Biram's musical style covers a wide spectrum. "I grew up on Doc Watson, Lead Belly and Lightnin' Hopkins," he revealed, "and in college, I discovered more obscure people like Lil' Son Jackson and Mance Lipscomb." Biram mixes roots music, CB radios and a punk rock attitude. "I kind of pride myself on being able to release my emotions freely and not hold back at all," he says. "So many people these days have timid little weak voices like they're scared to belt it out."
Hard rock band, Nashville Pussy covered his song "Raisin Hell Again" on their 2005 album, Get Some! Hank Williams III covered Biram's song, "Truckdriver". Biram also appears as a guest vocalist on "The White Trash Song" featured on southern rocker, Shooter Jennings's 2013 release The Other Life. Biram appeared with Jennings as musical guest on NBC's The Tonight Show with Jay Leno in March 2013.
- 2000: This is Kingsbury? (KnuckleSandwich Records)
- 2002: Preachin' & Hollerin (KnuckleSandwich Records)
- 2003: Lo:Fi Mojo (KnuckleSandwich Records)
- 2004: The Dirty Old One Man Band (KnuckleSandwich Records)
- 2005: The Dirty Old One Man Band (Bloodshot Records)
- 2006: Graveyard Shift (Bloodshot Records)
- 2009: Something's Wrong / Lost Forever (Bloodshot Records)
- 2011: Bad Ingredients (Bloodshot Records)
- 2014: Nothin' But Blood (Bloodshot Records)
- 2017: The Bad Testament (Bloodshot Records)
- 2003: Rehabilitation Blues E.P. (KnuckleSandwich Records)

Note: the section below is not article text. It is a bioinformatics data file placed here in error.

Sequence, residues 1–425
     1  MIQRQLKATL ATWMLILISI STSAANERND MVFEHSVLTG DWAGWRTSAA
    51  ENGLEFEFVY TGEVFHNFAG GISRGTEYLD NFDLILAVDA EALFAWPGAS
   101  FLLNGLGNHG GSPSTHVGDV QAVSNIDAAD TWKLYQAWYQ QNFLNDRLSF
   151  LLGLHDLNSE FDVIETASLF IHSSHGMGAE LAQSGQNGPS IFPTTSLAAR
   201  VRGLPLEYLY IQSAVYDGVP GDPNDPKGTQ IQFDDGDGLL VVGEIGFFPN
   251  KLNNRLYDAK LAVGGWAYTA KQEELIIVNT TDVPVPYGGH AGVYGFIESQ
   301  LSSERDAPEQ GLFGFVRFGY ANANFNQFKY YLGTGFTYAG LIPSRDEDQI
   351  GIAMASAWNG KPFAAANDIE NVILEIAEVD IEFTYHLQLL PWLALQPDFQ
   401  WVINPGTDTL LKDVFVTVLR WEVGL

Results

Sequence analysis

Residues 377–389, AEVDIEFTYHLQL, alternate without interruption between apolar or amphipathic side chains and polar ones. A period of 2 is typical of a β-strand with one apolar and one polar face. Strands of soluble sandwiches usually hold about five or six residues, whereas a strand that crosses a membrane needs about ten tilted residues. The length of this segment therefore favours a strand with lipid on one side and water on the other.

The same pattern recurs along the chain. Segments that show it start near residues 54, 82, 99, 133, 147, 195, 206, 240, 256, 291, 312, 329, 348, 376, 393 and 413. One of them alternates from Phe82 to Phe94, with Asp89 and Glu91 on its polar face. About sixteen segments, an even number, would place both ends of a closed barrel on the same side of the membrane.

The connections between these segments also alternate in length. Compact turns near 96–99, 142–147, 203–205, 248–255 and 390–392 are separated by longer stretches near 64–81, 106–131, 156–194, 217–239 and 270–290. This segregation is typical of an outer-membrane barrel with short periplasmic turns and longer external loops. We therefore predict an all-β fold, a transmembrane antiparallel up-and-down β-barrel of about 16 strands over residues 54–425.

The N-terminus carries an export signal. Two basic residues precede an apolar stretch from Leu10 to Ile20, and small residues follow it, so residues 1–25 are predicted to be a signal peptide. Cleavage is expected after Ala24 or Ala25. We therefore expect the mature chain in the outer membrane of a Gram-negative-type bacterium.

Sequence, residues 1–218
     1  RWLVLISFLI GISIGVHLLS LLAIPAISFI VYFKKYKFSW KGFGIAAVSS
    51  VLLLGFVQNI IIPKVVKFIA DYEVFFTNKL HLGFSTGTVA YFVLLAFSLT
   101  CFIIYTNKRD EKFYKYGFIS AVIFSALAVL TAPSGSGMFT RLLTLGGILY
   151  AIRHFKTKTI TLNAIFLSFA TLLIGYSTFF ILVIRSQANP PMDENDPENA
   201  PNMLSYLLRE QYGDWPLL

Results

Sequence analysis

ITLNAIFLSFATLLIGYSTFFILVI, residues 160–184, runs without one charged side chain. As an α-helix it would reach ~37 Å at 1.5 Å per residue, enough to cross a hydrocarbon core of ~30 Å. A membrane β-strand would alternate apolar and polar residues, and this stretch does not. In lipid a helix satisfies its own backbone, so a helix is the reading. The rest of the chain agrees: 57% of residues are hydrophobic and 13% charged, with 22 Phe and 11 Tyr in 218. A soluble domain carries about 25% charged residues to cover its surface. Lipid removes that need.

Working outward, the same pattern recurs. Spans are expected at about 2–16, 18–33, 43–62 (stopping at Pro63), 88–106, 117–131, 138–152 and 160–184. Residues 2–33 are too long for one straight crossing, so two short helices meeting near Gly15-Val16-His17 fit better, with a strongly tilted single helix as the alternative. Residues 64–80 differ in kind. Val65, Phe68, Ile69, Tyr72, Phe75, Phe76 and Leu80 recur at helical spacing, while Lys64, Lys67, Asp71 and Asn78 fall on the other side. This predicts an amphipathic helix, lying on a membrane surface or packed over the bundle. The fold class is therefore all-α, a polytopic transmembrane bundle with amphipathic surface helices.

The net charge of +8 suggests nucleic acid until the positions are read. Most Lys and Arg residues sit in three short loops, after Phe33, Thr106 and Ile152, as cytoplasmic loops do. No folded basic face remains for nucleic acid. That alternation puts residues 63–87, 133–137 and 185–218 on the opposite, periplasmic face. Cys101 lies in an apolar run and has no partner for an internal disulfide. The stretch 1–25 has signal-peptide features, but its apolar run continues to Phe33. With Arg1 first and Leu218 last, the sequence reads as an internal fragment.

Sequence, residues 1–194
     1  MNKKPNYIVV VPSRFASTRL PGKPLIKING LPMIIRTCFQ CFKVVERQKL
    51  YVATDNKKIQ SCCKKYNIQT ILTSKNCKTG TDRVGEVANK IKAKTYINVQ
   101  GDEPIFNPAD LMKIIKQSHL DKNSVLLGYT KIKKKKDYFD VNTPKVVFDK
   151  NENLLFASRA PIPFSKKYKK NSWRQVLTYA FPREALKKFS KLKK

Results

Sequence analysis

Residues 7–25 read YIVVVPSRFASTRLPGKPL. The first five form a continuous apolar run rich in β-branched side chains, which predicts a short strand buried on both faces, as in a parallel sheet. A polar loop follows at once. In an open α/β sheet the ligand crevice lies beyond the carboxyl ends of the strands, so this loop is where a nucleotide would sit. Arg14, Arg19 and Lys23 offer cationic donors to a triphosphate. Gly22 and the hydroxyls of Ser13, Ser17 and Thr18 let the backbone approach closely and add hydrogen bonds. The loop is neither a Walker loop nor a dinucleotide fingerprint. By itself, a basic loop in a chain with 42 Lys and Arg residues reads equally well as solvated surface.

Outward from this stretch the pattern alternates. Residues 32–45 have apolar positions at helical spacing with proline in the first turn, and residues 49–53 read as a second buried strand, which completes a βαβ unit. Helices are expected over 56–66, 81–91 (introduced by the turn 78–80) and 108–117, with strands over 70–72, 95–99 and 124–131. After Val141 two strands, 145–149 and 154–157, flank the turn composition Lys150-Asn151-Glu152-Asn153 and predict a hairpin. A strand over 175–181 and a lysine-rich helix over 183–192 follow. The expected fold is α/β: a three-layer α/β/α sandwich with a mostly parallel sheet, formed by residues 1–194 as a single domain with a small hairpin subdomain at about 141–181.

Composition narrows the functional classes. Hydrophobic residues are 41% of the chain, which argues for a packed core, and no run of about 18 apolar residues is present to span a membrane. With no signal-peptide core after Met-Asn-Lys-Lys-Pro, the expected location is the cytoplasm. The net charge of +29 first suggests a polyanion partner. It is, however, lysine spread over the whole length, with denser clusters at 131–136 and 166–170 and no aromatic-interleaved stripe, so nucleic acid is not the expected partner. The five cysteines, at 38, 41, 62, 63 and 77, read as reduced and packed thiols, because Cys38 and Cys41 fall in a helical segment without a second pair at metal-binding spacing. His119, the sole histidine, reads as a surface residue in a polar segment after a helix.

- 2017: "Hit The River E.P." (Bloodshot Records) (included as bonus tracks on "The Bad Testament" CD)
- 2011: Hang Your Head & Cry (Bloodshot Records)
- 2013: When I Die (Bloodshot Records)
- 2019: Monkey David Wine Scott H. Biram w/ Jesse Dayton (Bloodshot Records)
- 2012: Independent Music Awards – Best Blues Album: Bad Ingredients
- 2015: The Ameripolitan Awards – (nominee) Best Outlaw Male
- 2016: The Ameripolitan Awards – (nominee) Best Outlaw Male
- 2017: The Ameripolitan Awards - (nominee) Best Outlaw Male
- "Scott Alan Biram – Texas Birth Index". FamilySearch. 4 April 1974. Retrieved 2 September 2016.
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- "Out with a bang: 2009 Austin albums packed with sonic goodness". www.austin360.com. December 25, 2009. Retrieved 2014-06-14.
- Atkinson, Brian T. "Scott Biram – A Crash Course in Perseverance " Americana and Roots Music – No Depression". Archives.nodepression.com. Retrieved 2014-06-14.
- ""Seven Signs" Trailer 1". YouTube. January 16, 2007. Retrieved 2014-06-14.
- "Seven Signs: Music, Myth & the American South (2008)". IMDb.com. Retrieved 2014-06-14.
- film  Archived June 8, 2009, at the Wayback Machine
- "A Trucker Documentary by Nick Robespierre". Running Heavy. Retrieved 2014-06-14.
- "Scott Biram is on the Soundtrack!". Running Heavy. August 2, 2007. Retrieved 2014-06-14.
- "Austin News, Events, Restaurants, Music". The Austin Chronicle. Retrieved 2014-06-14.
- Parton, Chris (June 26, 2009). "News : Scott H. Biram Mixes Roots Music, CB Radios and Punk Rock Attitude". CMT. Retrieved 2014-06-14.
- Swedlund, Eric. "Fierceness of Exposure | Music Feature". Tucson Weekly. Retrieved 2014-06-14.
- "discography | Get Some". Nashville Pussy. September 20, 2005. Retrieved 2014-06-14.
- "11th Annual Independent Music Awards Winners Announced". The Independent Music Awards. Retrieved 2014-06-14.